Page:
I hadn't made it since probably 2005. Then the other day, out of nowhere, I realized that I was seriously hankering for some of my garlic and Parmesan bread. An entire stick of softened butter, a few juicy and preferably sticky cloves of garlic finely minced, a handful of chopped parsley, an avalanche of shaved Parmesan, and a heavy pinch of salt all mashed together and jammed deep into carved niches of a loaf of bread. Baked in foil and served hot from the oven it is a revelation in garlic, dairy, and bread.
So I revisited it last night. And it was glorious.
Brian asked me why I had never made this before for him when it was so good. I told him I didn't know, which was odd. Why had I kept this on the back shelf of my repertoire for so long?
I guess it's because sometimes it's hard to shake your ennui. We get absorbed by it and after so long we don't even question it anymore. We simply accept it as part of our diet and taste. Yet this recipe is one worth not only revisiting but keeping close to the table and ready for guests.
Tossing it together is easy enough. Pound the ingredients together with a wooden spoon and glop it into some smartly carved bread (and the carving method is the real key here as it ensures that every crevice of bread gets soaked with the sulfurous-smelling butter). You bake it for a little while and then give it a nice bit browning. The results are no less than a religious experience. One could be no more a devoted acolyte to food than to serve this at every single meal.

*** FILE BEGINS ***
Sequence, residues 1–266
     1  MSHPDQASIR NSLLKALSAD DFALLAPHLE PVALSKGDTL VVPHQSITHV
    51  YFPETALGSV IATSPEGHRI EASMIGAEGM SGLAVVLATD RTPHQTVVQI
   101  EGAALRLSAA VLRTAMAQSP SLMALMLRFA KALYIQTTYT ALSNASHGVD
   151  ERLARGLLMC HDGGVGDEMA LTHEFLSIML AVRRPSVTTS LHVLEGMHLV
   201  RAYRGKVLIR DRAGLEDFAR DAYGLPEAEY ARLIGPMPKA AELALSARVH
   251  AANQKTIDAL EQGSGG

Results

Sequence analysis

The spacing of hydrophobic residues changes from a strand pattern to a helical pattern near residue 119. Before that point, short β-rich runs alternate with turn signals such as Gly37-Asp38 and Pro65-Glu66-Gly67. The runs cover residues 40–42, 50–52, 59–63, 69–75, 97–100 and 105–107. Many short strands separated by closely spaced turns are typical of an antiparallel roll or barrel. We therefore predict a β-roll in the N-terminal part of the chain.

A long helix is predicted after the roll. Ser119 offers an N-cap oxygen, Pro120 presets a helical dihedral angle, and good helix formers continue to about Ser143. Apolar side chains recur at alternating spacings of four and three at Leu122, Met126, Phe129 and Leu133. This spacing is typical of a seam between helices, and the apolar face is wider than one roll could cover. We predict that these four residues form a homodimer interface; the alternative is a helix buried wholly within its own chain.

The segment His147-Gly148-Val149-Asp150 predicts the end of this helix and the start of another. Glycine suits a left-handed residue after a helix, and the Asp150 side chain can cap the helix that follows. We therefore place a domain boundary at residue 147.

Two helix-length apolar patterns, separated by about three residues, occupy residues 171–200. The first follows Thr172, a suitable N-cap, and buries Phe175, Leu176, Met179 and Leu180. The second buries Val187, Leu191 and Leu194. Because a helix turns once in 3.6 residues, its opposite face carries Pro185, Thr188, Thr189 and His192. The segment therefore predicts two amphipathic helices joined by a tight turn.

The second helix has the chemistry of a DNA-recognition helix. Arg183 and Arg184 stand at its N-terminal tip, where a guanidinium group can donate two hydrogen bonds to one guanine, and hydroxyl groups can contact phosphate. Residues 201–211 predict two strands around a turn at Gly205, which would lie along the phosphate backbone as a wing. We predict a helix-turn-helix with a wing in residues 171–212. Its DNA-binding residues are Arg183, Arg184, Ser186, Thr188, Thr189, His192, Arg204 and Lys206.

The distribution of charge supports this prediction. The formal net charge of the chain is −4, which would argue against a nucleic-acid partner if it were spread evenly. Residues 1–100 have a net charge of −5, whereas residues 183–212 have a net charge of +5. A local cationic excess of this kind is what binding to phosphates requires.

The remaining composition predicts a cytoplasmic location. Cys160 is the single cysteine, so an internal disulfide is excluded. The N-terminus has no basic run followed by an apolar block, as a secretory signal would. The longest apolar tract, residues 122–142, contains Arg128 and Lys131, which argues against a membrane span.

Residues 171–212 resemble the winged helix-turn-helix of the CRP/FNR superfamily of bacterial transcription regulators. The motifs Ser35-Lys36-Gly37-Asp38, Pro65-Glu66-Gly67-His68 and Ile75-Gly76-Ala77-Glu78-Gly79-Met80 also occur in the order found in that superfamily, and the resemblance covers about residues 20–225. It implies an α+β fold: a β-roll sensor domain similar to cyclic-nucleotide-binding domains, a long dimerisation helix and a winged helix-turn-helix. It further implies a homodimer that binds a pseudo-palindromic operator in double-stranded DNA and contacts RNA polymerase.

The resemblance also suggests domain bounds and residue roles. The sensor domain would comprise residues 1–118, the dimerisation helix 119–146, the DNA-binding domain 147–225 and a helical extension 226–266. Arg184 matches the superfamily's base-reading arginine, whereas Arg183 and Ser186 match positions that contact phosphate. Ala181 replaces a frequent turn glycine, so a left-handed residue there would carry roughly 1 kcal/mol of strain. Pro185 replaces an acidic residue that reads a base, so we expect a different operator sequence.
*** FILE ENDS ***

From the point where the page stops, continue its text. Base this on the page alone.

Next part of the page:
I'm going to give you a push and tell you to make this tonight. Really, I mean tonight. You can do it and you won't regret it. When you eat and and you begin to quiver with joy, think about the foods you've decided to no longer make. That food from youth and poverty or perhaps from just way back when during a time when you made it every. single. day. that you once loved but have vowed never again would you eat it because, "If I eat one more of (insert food), I will surely die."
Take charge. Make it again. Add a twist. Add some spice. Shock that ennui and fall in love again. Or, perhaps, make peace that it really is a food of your past. That's fine, too.
Either way, you'll discover more about your relationship with food and that just makes you a better cook and person.
That's all for today everybody.
Garlic and Parmesan Bread
1 quality loaf of bread
4 large, sticky cloves of garlic. minced
a good handful of parsley, chopped
1 stick (8 tablespoons) unsalted butter, room temperature
1 solidly good pinch of kosher salt
1 cup or about 2 ounces of finely shredded Parmesan
1. Preheat oven to 425F. Slice long groves into the bread, but don't cut all the way through. We want deep crevices for our butter.
2. Mix the rest of the ingredients together in a bowl with a wooden spoon. Cram the butter into the crevices of the bread. It'll all fit. If it gives you trouble just cram it in harder.
3. Wrap the loaf up in foil and bake for 20 minutes. Then unwrap it a bit to expose the top and bake for 5 more minutes so it can get all crusty with cheese and butter.
4. Eat. Eat and be happy.